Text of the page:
Also, the cell transplantation experiments indicate that hab is acting in the epiblast. In this work, we report on the behavior of cell transplantations into ZMD mutants, focusing on the presence of wild-type donor cells in the dorsal detached cell clusters. These experiments illustrate that the detached cells of the ZMD hab−/+ mutants are most probably of ectodermal origin, because this is the predominant fate of the remaining transplanted cells in these particular experiments. This finding was the logical expected result, as ectoderm is the most superficial germ layer. The experiments further demonstrate that the dorsal detached cells are not derived exclusively from EVL cells, because, in our experience, EVL cells are never transplanted in these types of experiments.

Because the transplanted wild-type deep cells integrate into detached cell clusters, mutant host cells must change the fate of neighboring wild-type cells, a nonautonomous action. On the other hand, when hab homozygous mutant cells are transplanted beneath wild-type EVL cells, they do not change their fate, but assume the detached cell phenotype seen in the ZMD heterozygote, an autonomous action. Similar mixes of results are seen in oep (Warga and Kane, 2003), trilobite (Jessen et al., 2002), and glass onion (Malicki et al., 2003), evoking the idea that, like all of these other genes, hab acts at or near the cell surface.

Whereas our experiments demonstrate that hab acts in the ectoderm, the gene product of hab may be autonomously required in tissues other than the epiblast. For example, the defects seen in forerunner and prechordal plate morphogenesis may reflect a requirement for hab in the mesendoderm. Of interest, in both of these cases, the tissues are more epithelial in nature compared with the loose organization typical of the early mesendoderm. Hence, perhaps hab is autonomously required for epithelial tissues, which would of course include the entire epiblast field. Alternatively, the effects seen on nonectodermal sites could be the failure of interactions between the mesoderm and the ectoderm; this finding would be a nonautonomous effect.

In hab embryos, the defects in epiboly, convergence, and neural tube formation provide the first genetic evidence of a common element connecting these forms of morphogenesis. What is the hab gene product? If hab acts at the cell surface, it would seem that cadherins, nerve cell adhesion molecules, integrins, and other cell surface molecules would be likely candidates and would be expected to have many effects on different morphogenetic processes throughout the embryo. Whereas we eliminated VN-cadherin, there are other cadherins that are present. Of note is E-cadherin, which has been shown recently to have antisense knockdown phenotypes similar to hab (Babb et al., 2001; Babb and Marrs, 2004). We are working currently to identify the hab gene product. Understanding the function of this gene will be essential for understanding the control of cell movement at the molecular level and how this control choreographs cells to play morphogenesis.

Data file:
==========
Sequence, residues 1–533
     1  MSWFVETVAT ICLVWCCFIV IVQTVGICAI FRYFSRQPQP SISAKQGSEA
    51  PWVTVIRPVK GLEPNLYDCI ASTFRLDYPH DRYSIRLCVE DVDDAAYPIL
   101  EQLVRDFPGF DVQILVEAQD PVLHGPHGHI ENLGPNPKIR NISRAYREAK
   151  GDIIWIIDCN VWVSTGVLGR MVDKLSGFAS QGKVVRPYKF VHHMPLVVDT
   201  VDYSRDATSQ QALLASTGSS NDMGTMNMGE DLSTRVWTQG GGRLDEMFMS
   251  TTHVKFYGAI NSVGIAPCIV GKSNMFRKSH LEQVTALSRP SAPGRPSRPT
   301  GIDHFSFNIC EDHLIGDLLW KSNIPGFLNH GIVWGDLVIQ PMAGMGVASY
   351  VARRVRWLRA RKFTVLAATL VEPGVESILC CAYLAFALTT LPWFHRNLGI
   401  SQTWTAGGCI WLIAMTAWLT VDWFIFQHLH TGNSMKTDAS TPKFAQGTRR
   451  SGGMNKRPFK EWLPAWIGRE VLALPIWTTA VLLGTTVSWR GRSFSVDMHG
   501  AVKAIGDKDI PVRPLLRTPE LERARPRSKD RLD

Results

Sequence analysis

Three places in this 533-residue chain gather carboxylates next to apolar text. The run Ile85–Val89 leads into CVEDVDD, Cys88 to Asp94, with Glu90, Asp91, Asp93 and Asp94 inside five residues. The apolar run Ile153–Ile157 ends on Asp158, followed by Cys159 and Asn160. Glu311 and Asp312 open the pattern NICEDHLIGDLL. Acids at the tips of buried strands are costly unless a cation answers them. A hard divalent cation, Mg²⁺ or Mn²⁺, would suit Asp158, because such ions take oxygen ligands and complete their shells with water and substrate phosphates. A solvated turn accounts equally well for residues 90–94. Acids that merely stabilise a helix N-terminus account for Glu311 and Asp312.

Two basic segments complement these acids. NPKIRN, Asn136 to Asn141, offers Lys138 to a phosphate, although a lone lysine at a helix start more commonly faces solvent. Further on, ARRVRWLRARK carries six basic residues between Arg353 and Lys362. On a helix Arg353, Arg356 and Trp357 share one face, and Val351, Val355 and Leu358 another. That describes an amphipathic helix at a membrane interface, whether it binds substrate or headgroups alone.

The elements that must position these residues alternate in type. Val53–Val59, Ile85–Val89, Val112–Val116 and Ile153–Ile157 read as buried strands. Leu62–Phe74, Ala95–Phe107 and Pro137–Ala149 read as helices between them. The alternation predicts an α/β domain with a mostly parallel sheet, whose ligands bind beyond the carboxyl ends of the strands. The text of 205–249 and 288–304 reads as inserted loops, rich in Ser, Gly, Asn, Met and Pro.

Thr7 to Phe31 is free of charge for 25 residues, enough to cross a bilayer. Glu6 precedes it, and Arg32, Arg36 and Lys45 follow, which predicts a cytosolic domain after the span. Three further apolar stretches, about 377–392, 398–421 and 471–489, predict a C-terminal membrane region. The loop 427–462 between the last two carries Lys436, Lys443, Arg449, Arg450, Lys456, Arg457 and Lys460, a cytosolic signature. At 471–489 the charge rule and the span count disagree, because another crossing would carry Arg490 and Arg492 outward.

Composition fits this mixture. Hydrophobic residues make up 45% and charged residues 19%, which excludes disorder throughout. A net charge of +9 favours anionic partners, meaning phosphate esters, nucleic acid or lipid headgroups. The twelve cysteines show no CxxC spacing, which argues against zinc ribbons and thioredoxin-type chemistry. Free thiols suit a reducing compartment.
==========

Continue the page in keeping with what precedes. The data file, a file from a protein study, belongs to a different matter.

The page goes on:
EXPERIMENTAL PROCEDURES

Zebrafish Strains

The habdtv42, avatm94, lawts18, and wegtx230 mutations were isolated in a large-scale mutagenesis screen (Haffter et al., 1996) and initially out-crossed to the polymorphic WIK (L11) strain of wild-type fish for mapping. Subsequent generations were out-crossed to the puma wild-type strain of fish, selecting individuals that were prescreened for polymorphisms in closely linked microsatellite markers on Linkage Group 7. The ZMD hab; oep double mutants were produced by mating males doubly heterozygous for habdtv43 and oeptz257 to females heterozygous for oeptz257. The hab; squint; cyclops triple mutants were produced by mating identified pairs of fish that were triply heterozygous for habdtv43, squintcz35, and cyclopsmm294.

Mapping Panels

The epiboly mutants were mapped to the centromere of Linkage Group 7 by half-tetrad analysis (Streisinger et al., 1986; Johnson et al., 1995). The half-tetrad mapping panel was generated by subjecting a heterozygous female to EP-parthenogenetic reproduction as described in Westerfield (1995). Half-tetrad mapping panels were also generated from unrelated and unlinked mutations to provide additional information about the centromere on Linkage Group 7. Mapping resolution was increased using a haploid mapping panel for each of the mutations. Haploid embryos were generated as described by Westerfield (1995).

DNA Extraction

Half-tetrad and haploid embryos were allowed to develop to 10 hr of development, sorted by phenotype, and then harvested for DNA by placing in 50 μl of lysis buffer (1.5 mM MgCl2, 10 mM Tris-HCl pH 8.3, 50 mM KCl, 0.3% Tween 20, 0.3% Triton X-100). The extraction protocol includes incubating at 98°C for 20 min, followed by incubating at 55°C for 1.5–2 hr, while treating with 1 mg/ml proteinase K (Roche Biochemicals), and finally incubating at 98°C for 20 min. All DNA extractions were performed in individual wells of a 96-well polymerase chain reaction (PCR) plate (LPS Plastics), sealed with PCR tape (Nunc) using a Hot Bonnet thermal cycle machine (MJ Research). The resulting extraction was diluted directly into sterile distilled H2O at 1/200.

Linkage Analysis